Cyber Breaches: Lessons Learned from Shareholder Derivative and Securities Fraud Litigation

May 1, 2018

As the number and scale of data breaches in recent years have grown, the question for many companies is not if but when they will be compromised by a cybersecurity attack. In addition to responding to front-page headlines and trying to mitigate reputational harm, companies are required to navigate the shifting landscape of cybersecurity litigation and regulatory actions.

For years, practitioners have been predicting that cybersecurity breaches will bring a wave of shareholder derivative suits and securities fraud class actions. Yet plaintiffs pursuing such derivative litigation, generally against corporate directors and officers for breach of fiduciary duties in connection with data breaches, have fared poorly in the face of strong defenses regarding the pre-suit demand requirement and the protective standard of the business judgment rule. Shareholders seeking to pursue securities fraud litigation face a separate set of hurdles, given that disclosures of even large data breaches have not historically been accompanied by a significant decline in stock price.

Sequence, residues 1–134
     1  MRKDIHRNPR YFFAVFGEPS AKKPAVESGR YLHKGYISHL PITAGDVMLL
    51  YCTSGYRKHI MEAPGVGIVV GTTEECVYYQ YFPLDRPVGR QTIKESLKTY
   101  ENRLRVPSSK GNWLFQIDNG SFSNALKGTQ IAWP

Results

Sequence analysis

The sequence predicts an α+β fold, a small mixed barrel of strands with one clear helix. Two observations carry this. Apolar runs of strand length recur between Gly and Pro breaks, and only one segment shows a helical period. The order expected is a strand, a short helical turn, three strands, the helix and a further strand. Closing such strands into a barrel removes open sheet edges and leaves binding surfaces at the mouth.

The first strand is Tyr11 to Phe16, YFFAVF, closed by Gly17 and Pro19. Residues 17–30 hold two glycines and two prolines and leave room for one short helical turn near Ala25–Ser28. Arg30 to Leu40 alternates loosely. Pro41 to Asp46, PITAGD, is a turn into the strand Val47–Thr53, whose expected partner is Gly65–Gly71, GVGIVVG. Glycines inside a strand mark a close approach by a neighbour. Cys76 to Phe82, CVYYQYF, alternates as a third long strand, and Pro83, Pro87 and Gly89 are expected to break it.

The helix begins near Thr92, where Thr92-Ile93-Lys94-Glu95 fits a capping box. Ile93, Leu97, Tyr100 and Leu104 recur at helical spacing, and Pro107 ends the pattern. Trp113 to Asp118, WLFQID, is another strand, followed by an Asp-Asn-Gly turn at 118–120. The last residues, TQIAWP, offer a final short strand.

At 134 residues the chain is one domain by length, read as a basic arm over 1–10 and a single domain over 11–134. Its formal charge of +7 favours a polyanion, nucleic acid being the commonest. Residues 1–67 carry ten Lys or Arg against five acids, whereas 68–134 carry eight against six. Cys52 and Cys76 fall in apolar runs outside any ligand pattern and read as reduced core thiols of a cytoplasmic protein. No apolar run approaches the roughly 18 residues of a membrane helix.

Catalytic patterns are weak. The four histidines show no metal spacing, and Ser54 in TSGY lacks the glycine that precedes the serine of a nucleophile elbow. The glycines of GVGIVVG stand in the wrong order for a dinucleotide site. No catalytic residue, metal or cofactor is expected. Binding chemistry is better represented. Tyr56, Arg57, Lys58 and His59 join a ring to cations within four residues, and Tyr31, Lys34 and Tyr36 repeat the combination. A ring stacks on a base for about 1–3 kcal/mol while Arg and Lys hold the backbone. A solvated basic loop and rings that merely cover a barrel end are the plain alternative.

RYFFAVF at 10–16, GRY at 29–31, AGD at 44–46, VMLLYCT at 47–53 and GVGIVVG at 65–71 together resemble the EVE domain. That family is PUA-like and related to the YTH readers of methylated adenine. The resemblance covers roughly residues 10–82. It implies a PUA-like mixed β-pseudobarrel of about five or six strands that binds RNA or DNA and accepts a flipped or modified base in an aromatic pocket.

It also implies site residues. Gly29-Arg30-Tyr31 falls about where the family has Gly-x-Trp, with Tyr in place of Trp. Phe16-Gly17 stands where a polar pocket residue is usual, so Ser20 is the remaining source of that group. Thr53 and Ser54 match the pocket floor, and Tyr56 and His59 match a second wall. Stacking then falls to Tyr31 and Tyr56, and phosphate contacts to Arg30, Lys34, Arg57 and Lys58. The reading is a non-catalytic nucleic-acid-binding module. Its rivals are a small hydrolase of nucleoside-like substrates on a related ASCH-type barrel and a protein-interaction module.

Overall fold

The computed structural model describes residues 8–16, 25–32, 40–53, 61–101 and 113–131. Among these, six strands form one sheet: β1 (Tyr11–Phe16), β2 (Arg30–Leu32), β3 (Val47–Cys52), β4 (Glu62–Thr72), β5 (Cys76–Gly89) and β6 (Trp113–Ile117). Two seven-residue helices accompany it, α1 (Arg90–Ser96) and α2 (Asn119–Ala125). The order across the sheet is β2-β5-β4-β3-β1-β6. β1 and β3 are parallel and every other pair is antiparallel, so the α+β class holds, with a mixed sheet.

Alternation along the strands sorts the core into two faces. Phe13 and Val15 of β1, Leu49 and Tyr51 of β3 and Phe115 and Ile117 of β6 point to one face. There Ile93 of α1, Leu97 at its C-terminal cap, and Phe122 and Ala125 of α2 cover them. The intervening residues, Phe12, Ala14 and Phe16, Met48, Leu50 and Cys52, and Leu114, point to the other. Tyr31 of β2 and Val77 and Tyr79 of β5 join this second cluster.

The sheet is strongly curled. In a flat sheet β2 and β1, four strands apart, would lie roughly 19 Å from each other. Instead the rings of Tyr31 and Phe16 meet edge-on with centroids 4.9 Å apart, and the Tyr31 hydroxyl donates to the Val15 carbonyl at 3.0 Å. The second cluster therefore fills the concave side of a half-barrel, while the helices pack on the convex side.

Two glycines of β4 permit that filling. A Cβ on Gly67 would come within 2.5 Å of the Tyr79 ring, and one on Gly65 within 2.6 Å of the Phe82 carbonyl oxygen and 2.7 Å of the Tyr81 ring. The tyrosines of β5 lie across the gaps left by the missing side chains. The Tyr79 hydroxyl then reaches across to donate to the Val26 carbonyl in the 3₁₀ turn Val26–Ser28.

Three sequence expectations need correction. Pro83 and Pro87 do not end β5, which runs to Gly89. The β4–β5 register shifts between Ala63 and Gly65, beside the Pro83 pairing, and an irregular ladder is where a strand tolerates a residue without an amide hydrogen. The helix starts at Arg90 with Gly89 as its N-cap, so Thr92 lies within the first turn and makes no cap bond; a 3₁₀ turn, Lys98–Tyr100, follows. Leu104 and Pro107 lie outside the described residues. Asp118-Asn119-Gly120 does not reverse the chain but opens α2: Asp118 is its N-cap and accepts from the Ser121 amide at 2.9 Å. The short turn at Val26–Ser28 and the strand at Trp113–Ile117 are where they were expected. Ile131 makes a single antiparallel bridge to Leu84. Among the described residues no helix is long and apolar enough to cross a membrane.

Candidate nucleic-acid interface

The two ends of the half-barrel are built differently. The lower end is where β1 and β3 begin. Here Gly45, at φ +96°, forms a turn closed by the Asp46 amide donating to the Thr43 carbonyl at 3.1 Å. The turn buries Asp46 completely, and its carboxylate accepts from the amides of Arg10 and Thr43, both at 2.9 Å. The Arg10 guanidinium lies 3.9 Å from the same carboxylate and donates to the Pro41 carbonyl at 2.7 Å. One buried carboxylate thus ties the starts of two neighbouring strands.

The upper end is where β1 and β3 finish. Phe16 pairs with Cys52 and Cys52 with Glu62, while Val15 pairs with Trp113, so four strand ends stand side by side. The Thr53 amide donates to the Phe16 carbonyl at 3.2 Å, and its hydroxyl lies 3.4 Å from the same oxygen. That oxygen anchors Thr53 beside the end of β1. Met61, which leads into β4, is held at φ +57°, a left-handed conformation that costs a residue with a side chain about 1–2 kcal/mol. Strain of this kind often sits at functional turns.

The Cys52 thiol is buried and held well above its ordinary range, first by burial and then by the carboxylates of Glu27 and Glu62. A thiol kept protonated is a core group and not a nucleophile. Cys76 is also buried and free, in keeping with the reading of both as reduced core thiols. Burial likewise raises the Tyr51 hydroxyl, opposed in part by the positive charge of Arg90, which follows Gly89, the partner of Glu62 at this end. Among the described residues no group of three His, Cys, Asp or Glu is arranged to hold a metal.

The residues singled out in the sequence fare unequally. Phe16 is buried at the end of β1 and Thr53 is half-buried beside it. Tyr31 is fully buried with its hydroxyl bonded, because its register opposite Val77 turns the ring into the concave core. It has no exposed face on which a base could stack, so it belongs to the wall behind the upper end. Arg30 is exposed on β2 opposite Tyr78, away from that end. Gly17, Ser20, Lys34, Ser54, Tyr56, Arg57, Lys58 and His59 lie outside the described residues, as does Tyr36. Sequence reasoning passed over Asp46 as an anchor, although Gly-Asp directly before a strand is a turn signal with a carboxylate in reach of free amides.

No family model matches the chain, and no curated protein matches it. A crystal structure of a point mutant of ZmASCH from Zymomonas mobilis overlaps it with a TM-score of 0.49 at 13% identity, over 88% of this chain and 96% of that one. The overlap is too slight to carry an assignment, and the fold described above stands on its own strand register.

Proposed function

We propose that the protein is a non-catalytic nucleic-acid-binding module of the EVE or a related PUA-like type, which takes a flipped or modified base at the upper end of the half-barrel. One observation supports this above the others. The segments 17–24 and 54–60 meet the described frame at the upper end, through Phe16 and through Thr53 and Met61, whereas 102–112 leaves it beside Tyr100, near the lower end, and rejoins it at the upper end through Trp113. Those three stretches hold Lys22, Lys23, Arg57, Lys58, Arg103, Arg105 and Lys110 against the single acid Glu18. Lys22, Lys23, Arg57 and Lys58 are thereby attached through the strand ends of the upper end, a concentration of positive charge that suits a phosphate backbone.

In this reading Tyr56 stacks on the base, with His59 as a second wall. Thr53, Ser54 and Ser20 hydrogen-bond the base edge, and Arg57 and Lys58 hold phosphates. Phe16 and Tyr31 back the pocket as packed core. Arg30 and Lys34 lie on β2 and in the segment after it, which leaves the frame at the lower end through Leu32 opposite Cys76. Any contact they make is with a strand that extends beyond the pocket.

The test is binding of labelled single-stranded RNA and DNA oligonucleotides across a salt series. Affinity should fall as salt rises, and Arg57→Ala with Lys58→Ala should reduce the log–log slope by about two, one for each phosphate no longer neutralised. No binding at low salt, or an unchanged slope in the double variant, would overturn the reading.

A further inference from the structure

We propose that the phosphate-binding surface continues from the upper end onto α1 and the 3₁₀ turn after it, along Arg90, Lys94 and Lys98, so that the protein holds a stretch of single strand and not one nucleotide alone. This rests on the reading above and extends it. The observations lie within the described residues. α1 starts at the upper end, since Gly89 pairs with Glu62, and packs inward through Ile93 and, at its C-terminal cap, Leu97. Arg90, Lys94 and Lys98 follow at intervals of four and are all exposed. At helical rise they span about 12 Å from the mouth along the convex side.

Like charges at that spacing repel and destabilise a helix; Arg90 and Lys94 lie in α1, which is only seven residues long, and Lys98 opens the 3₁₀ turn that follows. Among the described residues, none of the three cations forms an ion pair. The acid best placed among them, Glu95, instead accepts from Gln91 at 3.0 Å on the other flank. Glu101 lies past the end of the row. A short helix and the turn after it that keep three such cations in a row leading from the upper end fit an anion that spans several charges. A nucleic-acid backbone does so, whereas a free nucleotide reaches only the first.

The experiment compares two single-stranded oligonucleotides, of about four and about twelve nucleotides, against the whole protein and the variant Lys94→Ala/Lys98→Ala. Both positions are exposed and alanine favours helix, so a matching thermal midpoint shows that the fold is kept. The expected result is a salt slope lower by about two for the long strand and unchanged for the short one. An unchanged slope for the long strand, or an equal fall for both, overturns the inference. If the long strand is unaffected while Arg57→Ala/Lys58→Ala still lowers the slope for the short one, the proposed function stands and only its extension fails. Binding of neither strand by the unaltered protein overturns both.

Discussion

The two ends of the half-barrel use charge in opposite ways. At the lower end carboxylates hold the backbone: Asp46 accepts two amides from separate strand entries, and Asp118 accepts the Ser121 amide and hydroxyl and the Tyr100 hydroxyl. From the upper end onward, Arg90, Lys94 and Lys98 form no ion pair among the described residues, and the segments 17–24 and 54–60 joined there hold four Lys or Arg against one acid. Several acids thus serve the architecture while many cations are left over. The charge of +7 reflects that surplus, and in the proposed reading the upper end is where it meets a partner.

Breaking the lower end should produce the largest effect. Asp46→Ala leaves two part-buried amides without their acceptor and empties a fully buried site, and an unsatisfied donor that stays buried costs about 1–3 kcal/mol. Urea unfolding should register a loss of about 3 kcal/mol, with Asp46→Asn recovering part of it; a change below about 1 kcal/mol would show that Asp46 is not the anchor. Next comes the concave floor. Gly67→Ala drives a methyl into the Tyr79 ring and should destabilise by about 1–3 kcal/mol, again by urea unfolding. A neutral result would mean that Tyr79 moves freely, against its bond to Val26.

While the future of cybersecurity derivative and securities litigation remains uncertain, there is reason to believe that the volume and success of such suits may be on the rise. With respect to shareholder derivative lawsuits, as cybersecurity issues become more ubiquitous, directors and officers will be increasingly on notice of data breach risks, and plaintiffs will more easily be able to argue that directors and officers should have been aware of the company’s susceptibility to a cyberattack and should have taken efforts to remedy the company’s vulnerabilities.